Stabbing and Backs


Brian Beutler gives Jonah Goldberg a good fisking. Jonah seems upset that when I complain that American conservatives are perpetuating a "stab in the back" theory of the war in Iraq to explain away their own hideous errors of strategic judgment without bothering "to make a tight link between the National Socialist reaction to German surrender at the end of WWI." Kevin Baker's already lay it out in Harper's at some length, so I haven't bothered personally because it wouldn't be a Very Serious, Thoughtful, Argument That Has Never Been Made in Such Detail or With Such Care if I did it.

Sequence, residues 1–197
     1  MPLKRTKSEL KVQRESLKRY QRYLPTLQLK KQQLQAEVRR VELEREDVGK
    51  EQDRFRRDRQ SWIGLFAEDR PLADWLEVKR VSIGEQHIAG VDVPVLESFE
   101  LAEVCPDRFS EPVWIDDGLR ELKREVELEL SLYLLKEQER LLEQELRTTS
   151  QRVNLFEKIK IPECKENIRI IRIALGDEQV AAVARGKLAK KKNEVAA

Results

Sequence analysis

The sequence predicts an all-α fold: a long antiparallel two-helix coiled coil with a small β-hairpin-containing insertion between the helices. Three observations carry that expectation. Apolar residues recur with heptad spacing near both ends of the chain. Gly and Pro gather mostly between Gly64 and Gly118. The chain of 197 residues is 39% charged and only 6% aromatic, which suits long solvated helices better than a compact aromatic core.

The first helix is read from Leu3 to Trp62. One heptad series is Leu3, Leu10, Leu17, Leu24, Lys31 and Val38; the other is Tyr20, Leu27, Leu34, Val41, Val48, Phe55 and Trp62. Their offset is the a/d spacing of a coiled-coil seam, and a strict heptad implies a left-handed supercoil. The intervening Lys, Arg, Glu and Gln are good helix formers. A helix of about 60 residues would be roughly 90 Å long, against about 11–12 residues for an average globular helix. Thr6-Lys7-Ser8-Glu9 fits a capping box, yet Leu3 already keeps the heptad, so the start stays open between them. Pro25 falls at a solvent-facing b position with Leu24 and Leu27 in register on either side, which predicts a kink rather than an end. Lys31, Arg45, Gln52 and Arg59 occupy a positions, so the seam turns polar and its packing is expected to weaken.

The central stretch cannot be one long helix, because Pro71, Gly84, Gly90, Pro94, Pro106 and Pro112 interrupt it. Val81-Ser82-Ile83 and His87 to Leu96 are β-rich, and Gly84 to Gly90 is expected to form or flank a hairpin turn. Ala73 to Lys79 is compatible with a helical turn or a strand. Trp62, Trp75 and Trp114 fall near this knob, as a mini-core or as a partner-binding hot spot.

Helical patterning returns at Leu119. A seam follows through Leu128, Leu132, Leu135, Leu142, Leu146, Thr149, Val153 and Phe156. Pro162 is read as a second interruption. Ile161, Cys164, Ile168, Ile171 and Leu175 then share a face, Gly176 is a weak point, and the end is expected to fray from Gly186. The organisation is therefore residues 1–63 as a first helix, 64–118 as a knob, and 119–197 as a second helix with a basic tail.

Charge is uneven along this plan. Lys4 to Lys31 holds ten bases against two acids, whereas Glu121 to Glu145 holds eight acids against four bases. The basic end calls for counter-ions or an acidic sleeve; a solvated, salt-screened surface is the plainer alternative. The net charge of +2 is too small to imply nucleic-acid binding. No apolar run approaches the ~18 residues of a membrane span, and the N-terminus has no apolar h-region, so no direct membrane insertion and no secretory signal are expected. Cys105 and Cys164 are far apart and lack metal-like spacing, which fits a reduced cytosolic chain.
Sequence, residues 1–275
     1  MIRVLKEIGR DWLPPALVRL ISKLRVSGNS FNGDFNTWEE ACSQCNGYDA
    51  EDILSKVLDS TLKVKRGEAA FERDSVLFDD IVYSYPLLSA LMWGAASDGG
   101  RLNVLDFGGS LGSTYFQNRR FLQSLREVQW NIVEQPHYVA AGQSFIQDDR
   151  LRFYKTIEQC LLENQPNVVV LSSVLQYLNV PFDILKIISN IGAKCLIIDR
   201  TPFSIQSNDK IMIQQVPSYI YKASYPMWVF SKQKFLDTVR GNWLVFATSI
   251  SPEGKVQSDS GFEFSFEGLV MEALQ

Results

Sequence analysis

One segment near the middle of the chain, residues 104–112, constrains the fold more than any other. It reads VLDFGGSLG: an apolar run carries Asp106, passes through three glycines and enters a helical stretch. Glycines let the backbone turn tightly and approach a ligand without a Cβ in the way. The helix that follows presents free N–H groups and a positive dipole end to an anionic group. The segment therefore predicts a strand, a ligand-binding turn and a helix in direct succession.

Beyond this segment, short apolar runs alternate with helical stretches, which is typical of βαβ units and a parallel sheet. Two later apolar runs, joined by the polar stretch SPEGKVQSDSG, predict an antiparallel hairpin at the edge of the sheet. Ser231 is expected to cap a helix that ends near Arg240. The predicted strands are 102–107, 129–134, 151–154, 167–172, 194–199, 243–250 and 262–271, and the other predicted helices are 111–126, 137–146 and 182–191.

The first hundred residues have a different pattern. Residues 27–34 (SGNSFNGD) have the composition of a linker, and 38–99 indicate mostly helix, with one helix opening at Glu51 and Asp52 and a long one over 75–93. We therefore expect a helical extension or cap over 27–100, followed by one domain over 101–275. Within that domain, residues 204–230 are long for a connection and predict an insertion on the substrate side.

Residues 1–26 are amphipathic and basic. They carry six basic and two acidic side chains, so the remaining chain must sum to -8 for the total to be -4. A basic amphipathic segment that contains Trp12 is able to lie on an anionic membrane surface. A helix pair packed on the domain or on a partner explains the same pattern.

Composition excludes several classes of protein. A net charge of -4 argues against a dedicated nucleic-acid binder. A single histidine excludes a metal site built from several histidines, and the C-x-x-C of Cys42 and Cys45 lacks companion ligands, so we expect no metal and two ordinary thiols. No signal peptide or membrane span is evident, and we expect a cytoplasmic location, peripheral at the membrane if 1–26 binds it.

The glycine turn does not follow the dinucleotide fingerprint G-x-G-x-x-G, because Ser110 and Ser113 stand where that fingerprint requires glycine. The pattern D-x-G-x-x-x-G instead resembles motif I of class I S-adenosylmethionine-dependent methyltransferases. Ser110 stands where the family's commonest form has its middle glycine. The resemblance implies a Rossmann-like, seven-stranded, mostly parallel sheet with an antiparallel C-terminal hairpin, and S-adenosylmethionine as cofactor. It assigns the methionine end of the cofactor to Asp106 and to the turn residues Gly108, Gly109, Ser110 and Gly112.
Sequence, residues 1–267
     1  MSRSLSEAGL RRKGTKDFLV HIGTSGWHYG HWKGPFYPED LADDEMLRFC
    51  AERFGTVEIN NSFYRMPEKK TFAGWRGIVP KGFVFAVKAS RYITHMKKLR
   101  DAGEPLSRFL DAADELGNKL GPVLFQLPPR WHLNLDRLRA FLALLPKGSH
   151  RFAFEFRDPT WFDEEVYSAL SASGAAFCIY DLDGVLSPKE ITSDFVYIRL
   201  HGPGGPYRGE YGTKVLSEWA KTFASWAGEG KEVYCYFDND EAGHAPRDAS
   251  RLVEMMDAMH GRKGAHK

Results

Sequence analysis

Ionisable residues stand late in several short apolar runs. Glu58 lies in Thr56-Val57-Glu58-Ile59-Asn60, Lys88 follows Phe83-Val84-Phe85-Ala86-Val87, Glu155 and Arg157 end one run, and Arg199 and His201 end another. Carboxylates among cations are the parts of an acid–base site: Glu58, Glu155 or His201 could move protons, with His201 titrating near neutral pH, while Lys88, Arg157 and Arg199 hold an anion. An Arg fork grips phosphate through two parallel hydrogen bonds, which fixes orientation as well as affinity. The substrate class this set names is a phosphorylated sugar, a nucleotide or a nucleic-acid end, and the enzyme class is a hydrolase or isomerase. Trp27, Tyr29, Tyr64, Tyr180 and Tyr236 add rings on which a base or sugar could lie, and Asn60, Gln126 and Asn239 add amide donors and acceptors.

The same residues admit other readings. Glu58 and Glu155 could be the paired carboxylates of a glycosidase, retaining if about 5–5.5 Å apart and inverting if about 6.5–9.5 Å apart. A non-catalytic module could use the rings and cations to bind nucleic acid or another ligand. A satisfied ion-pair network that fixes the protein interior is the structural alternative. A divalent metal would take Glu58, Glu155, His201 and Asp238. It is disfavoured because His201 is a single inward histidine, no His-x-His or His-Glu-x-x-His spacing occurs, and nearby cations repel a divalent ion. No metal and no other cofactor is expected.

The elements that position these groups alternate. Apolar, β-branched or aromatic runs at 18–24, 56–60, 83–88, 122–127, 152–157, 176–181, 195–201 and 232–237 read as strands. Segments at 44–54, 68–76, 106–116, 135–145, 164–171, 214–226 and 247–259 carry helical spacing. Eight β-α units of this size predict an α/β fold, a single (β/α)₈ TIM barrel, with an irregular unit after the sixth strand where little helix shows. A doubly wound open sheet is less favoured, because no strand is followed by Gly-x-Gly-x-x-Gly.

Suffice it to say that I think the main point of analogy is that mainstream contemporary American conservatism, like inter-war Nazism, believes that military defeats are primarily due to failures of national will. They believe this in part because they massively overestimate the significance of will in determining outcomes of this sort. They also, like Nazis, seem to deny that it might ever better serve the national interest to abandon a military adventure than to continue it. These beliefs serve to foster the further belief that several constitutive elements of liberal democracies -- committed to free speech, to unfettered political debate, the existence of active political opposition movements -- are a source of national weakness.